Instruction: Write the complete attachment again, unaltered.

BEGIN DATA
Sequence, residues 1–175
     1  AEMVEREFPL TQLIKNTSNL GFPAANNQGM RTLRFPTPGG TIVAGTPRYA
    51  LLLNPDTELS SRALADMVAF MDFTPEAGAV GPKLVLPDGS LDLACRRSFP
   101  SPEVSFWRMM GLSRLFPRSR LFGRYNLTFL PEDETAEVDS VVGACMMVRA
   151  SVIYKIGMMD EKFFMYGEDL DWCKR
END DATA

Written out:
Sequence, residues 1–175
     1  AEMVEREFPL TQLIKNTSNL GFPAANNQGM RTLRFPTPGG TIVAGTPRYA
    51  LLLNPDTELS SRALADMVAF MDFTPEAGAV GPKLVLPDGS LDLACRRSFP
   101  SPEVSFWRMM GLSRLFPRSR LFGRYNLTFL PEDETAEVDS VVGACMMVRA
   151  SVIYKIGMMD EKFFMYGEDL DWCKR